I know this isn’t Instagram, but fuck it. I’m writing an article about what I had for lunch.
If you haven’t tuned out already, don’t worry. There’s a payoff. Earlier today, I attended a press event for IBM’s Watson at London’s iconic Wimbledon tennis grounds. Sandwiching the presentations and panels (pun 100-percent intended) was a ‘cognitive breakfast’ and a ‘cognitive lunch.’ Say what?
No, this isn’t something I stole from @ProfJeffJarviss‘ Twitter account, although it easily could be. It was actually a menu invisioned by IBM’s Watson cognitive computing platform.
The IBM representative explained it a lot better, but essentially Watson has slurped up a bunch of cookbooks and recipes. From this, it attempts to figure out what works, and spits out a menu.
Dining with Chef Watson was certainly an experience, and mixed the conventional with the utterly, utterly weird. Breakfast consisted of roasted, spiced rhubarb yogurt with dates — fairly reasonable, right? This was accompanied with a milk chocolate and peanut butter cookie sandwich; a menu item so sweet, I entered a sugar coma where the ethereal visage of Wilford Brimley appeared before my eyes to warn me of the dangers of diabeetus.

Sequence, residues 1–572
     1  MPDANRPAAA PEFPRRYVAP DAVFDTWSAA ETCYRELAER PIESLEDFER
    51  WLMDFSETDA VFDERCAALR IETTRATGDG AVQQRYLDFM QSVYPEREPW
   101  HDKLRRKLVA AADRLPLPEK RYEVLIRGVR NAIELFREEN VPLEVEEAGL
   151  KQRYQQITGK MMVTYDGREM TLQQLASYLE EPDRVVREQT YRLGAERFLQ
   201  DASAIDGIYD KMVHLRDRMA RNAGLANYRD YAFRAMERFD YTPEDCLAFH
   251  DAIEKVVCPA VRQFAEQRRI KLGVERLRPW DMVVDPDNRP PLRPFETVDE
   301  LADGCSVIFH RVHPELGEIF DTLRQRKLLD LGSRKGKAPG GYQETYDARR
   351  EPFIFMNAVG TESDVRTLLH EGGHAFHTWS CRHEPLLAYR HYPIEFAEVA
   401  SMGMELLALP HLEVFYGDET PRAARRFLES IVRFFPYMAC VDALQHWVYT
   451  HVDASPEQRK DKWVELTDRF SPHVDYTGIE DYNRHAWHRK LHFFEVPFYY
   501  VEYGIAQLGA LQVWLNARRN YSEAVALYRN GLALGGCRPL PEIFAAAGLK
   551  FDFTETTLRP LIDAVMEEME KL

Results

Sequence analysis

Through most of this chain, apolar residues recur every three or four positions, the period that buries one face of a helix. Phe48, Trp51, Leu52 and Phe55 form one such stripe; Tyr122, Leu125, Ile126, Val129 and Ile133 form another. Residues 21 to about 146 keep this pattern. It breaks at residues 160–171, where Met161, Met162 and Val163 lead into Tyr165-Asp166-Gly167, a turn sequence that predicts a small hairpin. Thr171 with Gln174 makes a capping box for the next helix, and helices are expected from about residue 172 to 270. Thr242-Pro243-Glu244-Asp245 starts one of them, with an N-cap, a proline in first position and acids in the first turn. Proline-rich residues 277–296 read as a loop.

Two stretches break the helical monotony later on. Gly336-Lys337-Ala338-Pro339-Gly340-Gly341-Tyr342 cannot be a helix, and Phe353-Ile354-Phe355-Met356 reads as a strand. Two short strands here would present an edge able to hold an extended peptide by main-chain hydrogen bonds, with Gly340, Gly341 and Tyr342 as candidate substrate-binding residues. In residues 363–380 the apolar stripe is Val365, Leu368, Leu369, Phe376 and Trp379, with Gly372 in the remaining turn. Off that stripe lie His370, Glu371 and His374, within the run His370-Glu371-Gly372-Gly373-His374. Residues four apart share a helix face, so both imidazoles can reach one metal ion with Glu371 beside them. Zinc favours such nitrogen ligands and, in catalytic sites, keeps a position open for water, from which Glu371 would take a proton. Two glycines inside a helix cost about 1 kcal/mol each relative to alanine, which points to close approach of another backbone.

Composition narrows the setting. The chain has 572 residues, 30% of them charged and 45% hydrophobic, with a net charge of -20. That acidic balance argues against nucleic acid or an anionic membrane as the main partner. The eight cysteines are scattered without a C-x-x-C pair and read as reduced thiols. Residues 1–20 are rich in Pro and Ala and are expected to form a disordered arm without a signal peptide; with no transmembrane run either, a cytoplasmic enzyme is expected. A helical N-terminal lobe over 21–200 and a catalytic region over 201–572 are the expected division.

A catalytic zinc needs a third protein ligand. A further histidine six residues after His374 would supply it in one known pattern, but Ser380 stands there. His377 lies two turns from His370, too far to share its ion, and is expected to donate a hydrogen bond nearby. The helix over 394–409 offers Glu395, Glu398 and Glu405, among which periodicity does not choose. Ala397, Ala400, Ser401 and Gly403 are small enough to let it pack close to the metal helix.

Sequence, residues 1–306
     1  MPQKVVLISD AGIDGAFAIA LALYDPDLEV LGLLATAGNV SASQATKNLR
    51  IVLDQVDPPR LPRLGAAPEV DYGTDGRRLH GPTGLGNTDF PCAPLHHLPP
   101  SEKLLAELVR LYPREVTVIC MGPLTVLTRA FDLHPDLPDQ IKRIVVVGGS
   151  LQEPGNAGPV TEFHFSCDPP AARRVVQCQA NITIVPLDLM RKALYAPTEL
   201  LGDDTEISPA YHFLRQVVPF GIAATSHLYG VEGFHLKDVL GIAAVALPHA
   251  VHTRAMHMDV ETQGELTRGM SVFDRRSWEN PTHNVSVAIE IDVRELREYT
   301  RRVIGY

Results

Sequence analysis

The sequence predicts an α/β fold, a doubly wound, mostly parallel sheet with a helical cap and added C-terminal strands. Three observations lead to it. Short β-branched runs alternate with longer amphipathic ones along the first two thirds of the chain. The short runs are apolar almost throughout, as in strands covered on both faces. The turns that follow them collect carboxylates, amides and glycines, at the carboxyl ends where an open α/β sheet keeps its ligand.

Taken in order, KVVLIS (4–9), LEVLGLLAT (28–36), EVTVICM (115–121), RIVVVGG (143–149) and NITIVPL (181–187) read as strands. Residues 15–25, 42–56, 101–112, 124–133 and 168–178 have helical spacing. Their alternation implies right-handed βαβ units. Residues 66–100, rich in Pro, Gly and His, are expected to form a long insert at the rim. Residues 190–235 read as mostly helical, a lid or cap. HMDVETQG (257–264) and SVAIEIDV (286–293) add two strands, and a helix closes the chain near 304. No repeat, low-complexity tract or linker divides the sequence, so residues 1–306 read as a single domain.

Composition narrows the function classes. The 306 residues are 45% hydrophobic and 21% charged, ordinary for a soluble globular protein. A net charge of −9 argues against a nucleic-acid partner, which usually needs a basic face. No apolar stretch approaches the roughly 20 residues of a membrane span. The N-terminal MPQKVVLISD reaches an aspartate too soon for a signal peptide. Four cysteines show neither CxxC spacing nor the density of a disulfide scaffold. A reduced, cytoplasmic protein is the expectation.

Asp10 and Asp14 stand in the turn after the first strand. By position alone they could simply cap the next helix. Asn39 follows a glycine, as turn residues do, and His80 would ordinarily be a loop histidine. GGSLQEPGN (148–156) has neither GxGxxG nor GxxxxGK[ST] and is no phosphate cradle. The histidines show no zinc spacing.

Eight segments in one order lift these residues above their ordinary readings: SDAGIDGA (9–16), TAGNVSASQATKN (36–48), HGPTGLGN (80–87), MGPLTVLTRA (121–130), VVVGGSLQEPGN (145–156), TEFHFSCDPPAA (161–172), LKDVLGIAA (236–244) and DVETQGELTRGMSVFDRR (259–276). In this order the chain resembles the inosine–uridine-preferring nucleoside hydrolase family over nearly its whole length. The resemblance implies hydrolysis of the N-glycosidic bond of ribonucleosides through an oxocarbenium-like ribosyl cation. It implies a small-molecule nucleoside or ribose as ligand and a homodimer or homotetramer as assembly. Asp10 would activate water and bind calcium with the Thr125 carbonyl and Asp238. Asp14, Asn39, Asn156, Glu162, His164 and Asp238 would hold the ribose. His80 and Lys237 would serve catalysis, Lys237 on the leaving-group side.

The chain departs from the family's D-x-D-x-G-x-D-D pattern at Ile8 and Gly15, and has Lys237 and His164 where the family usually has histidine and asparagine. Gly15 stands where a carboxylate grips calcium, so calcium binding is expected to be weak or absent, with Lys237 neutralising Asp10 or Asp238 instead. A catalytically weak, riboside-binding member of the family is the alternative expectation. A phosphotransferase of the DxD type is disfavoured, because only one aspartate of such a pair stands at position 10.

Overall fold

Update: this is what a cognitive breakfast looks like.
Also, diabetes. pic.twitter.com/DhVCpljXhn
— Matthew Hughes (@matthewhughes) June 27, 2017
After the talks concluded, we had lunch. This was a buffet of the weird and wild.
I tried “Tanzania Lithuanian Bagels,” which featured pickled carrots, ham, and cream cheese (I have no idea what this has to do with either Tanzania or Lithuania, but it was delicious). That said, I swerved at the Swiss Thai asparagus quiche, which was far too left-field for my palate. Plus, asparagus makes your pee turn yellow.
Also on offer was a delightful corn and nectarine salad, which was amazingly refreshing on a warm, uncomfortable London day, as well as a pretty conventional tomato tart.
It’s an interesting experiment. Watson produced some undeniably quirky (but eminently edible) dishes. But it also serves as a reminder that careers once thought invulnerable to automation due to their creative element (like, uh, journalism) are not as safe as we once thought.
If you want to check out Chef Watson for yourself, you can do so here.